Most scientists, and again see the Goldacre book and many others on this, would dismiss your examples on the basis of “regression to the norm” . I.e. you can’t prove something had an effect, whether people swear by it or not, if it could have happened anyway. Breach baby is a good example. Literally no way of proving why the baby turned so the only dodgy element is when someone claims it “could” have been down to x. Reputable science would never make any such claim. 

    Finally, and I have no clue as to what your qualifications are, the concept of “traditional” Chinese medicine should ring massive alarm bells. Back to Goldacre again. He and others have demonstrated that there’s no such thing. Far from being centuries old most of it has been around for less time than what we think of as modern medicine and is being sold as having been imbued with the wisdom of centuries when it’s barely a century old rather than the 2,000 claimed.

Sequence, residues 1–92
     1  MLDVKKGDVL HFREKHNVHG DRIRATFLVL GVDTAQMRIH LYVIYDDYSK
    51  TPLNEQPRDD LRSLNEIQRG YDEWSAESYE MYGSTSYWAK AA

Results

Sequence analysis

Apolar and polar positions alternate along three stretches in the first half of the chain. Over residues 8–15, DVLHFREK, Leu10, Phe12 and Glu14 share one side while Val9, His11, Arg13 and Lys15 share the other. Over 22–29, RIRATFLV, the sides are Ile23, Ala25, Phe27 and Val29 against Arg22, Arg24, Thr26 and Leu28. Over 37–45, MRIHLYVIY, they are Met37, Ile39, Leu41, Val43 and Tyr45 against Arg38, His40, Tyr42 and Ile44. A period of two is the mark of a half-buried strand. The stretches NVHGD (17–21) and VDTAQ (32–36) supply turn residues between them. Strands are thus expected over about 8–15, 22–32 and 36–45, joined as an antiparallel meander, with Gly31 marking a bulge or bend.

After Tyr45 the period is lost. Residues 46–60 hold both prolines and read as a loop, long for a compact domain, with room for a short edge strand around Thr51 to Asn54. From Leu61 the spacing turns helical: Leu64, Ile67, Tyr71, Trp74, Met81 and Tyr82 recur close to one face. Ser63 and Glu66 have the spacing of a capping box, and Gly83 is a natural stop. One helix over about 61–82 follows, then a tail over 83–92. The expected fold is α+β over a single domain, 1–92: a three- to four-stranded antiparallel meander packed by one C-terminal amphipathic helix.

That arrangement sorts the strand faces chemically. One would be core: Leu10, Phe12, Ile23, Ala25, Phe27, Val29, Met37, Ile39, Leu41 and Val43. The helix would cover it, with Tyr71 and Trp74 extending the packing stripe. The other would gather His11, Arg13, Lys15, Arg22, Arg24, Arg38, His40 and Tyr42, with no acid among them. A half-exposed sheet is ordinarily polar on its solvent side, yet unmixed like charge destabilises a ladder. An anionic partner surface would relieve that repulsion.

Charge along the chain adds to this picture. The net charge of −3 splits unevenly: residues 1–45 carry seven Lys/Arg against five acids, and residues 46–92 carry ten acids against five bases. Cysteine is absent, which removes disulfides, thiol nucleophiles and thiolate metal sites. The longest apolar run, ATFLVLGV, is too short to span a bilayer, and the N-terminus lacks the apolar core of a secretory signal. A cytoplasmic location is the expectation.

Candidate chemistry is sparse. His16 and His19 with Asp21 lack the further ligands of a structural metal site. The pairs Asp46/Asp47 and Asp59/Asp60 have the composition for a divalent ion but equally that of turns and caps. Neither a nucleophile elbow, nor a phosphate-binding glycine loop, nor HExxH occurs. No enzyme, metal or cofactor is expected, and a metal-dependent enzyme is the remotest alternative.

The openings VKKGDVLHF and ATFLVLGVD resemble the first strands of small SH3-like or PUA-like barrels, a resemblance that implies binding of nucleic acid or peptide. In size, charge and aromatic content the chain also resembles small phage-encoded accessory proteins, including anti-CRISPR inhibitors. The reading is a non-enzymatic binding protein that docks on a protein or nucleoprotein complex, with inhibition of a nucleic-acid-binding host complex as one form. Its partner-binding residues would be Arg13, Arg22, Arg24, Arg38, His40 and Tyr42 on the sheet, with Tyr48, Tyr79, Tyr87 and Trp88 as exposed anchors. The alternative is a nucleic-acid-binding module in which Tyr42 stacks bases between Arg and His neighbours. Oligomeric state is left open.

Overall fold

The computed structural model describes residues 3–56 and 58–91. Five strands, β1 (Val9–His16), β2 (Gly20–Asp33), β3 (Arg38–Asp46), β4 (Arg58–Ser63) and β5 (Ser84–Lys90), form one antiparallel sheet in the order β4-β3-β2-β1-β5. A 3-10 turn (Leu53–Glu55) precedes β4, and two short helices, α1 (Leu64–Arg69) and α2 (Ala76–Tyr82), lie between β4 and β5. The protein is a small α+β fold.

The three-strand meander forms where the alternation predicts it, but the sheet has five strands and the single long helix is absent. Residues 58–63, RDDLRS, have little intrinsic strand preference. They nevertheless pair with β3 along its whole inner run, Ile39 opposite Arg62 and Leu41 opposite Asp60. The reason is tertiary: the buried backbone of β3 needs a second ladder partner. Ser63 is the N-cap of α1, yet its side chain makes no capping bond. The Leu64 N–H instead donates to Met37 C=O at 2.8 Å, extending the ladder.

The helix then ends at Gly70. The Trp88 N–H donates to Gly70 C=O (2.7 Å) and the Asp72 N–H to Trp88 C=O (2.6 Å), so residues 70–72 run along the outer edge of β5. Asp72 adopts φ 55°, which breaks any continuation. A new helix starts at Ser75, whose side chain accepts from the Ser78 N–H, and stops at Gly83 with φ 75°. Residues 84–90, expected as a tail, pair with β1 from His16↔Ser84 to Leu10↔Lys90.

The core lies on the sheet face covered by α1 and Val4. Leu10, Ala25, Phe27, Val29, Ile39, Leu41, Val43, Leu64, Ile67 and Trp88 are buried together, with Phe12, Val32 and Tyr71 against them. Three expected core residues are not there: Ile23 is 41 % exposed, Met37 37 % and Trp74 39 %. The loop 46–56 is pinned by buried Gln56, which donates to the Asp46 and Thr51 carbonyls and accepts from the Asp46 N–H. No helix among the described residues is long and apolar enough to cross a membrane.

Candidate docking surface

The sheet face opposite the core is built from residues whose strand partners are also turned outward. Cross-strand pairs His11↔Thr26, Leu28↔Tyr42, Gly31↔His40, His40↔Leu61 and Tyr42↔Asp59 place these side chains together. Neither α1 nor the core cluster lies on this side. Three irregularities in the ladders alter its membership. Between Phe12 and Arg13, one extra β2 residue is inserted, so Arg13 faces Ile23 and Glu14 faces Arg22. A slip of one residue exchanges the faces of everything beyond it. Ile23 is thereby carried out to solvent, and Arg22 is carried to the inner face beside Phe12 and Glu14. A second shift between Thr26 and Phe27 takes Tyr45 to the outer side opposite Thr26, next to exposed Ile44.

The OP would be well advised to start with https://www.badscience.net/category/complementary-medicine/acupuncture/ and understand that “Chinese” is wholly unregulated in the UK. 


  • Richard_ScopeRichard_Scope Posts: 1,223Member, Administrator Scope community team

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  • [Deleted User][Deleted User] Posts: 0 Listener